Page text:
Cauldrons of the Troubles yearn for normality

ON THE litter-strewn Shankill Road there was a sense of calm yesterday evening, broken only by the persistent but ignored ringing of a burglar alarm. Most shops were shuttered for the night and there were only a few people out.

The settlement, aimed at bringing peace to communities such as the Protestant Shankill, had been delivered a few hours earlier, but details were hazy and most people remained cautious. "I think it's better than nothing but we are going to have to wait and see how it goes," said Alan Irvine, 26, heading home from the video shop. "We've been at war for the past 30 years and it has got us nowhere." Mr Irvine, a father of two, said he was unlike many of the community's young people, who appeared less interested in the settlement than the older generation. "We will have to wait and reserve our judgement. There have been too many false dawns but everybody wants it to work."

Eileen Turkington, 54, and her friend Ann Donnelly, 49, were going to the Shankill Methodist Church. Both had lived through the Troubles and hoped the deal could bring peace. "People are browned off. Most of us just want to have a peaceful life without living in fear," said Mrs Turkington.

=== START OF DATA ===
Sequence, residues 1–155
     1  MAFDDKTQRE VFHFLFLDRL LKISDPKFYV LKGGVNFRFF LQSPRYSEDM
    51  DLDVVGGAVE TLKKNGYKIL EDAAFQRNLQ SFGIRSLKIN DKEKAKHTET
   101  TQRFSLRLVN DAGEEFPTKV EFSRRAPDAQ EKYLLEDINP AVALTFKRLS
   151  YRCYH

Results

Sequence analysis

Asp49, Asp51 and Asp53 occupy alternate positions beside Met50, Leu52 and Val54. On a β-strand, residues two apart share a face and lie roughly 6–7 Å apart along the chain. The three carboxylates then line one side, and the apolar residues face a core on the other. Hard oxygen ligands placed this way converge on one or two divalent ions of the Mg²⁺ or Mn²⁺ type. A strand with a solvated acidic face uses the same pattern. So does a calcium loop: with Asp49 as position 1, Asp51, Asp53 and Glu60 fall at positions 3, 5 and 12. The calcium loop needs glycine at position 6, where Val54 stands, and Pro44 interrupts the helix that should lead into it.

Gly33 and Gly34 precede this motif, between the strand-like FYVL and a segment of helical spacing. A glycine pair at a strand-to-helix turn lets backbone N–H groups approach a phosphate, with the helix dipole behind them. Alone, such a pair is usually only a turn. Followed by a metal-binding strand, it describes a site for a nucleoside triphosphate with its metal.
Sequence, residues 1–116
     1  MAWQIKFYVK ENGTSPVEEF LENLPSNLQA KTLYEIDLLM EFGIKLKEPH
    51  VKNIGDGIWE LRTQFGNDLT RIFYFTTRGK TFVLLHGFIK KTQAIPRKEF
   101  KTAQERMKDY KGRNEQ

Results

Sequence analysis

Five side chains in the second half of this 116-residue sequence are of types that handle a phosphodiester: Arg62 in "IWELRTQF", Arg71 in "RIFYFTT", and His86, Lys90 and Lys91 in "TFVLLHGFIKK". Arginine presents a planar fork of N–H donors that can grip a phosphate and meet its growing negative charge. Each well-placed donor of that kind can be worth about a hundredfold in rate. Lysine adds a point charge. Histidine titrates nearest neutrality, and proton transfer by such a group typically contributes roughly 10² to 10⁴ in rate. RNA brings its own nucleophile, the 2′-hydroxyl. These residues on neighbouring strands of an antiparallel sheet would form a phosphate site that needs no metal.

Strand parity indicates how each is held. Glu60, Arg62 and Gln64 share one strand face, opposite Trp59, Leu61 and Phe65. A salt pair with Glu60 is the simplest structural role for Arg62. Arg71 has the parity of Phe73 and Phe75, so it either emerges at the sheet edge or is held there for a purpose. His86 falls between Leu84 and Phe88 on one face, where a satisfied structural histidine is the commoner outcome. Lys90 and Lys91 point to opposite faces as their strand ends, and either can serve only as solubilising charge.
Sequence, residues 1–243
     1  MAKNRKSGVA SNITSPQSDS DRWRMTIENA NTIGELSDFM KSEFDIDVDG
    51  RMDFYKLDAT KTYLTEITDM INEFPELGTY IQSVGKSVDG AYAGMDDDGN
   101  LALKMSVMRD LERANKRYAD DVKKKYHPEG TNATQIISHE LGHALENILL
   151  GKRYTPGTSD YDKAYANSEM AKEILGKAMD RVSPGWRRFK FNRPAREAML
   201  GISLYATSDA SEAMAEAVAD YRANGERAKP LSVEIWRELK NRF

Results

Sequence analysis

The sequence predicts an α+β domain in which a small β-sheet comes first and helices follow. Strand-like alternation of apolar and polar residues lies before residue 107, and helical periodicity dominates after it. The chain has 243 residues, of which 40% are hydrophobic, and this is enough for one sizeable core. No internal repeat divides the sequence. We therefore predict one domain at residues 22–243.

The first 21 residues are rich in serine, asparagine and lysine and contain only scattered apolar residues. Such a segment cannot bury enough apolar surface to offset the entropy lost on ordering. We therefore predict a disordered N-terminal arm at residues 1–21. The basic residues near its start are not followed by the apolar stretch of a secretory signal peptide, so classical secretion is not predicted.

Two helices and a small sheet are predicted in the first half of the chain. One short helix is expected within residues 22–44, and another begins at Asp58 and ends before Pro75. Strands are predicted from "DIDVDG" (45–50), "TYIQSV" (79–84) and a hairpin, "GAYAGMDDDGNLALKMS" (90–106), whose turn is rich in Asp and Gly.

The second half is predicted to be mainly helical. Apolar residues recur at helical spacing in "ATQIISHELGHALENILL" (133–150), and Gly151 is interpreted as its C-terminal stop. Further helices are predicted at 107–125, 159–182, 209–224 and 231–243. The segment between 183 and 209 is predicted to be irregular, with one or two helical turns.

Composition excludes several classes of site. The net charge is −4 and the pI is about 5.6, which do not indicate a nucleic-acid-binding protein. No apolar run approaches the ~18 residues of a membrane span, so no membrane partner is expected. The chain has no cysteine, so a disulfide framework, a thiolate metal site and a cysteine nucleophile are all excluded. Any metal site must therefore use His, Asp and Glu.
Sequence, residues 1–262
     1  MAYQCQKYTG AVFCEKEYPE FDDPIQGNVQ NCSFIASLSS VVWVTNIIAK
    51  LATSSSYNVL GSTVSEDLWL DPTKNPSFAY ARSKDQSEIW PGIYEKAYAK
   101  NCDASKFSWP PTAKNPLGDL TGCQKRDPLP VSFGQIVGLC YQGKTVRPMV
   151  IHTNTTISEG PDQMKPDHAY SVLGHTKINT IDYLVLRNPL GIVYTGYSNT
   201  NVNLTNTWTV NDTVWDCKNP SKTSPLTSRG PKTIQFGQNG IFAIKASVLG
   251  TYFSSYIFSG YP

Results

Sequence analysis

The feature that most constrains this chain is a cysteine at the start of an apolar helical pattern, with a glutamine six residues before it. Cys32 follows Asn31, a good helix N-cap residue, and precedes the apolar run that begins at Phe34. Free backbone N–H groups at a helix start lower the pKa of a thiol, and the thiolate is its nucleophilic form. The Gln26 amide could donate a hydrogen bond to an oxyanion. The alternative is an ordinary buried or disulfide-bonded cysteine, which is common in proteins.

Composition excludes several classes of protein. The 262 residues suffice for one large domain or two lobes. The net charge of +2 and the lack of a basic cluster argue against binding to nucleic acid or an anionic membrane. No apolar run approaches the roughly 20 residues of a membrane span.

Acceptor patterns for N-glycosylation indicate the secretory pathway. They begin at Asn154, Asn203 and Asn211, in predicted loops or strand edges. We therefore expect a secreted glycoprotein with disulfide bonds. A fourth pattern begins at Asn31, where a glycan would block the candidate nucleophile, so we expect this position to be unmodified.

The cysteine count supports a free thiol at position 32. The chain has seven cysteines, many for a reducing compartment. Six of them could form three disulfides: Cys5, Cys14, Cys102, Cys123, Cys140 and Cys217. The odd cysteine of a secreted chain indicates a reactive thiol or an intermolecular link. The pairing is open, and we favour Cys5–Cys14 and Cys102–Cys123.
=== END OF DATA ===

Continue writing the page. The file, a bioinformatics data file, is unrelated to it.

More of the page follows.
"As it is at the moment people are afraid to go out." Two doors down from the church stood the remains of a chip shop, destroyed in the early 1990s by a bomb. Four, five or maybe more people were killed by the republican atrocity; the ladies could not remember.

The Shankill Road of West Belfast runs largely parallel to the Catholic Falls Road, and not just geographically.While in the Falls Road you find the republican tricolour, here flies the Union flag; in the Falls Road the street murals show the IRA, while here the paintings of the masked men represent the UVF.

Parallel but close. On both the Falls and the Shankill most people want peace. Last night, there were no celebrations in the streets, the only drinks being taken behind the doors of shuttered pubs. But a 45-year-old man on his way home was quietly optimistic. "I think we have reached the stage from which we can move on," he said. "I think people genuinely want peace."

In her grocery store, Jean Whiteside, 68, said most people were decent. "I don't want violence for my grandchildren and I am sure the men with clubs and guns do not want violence for theirs."

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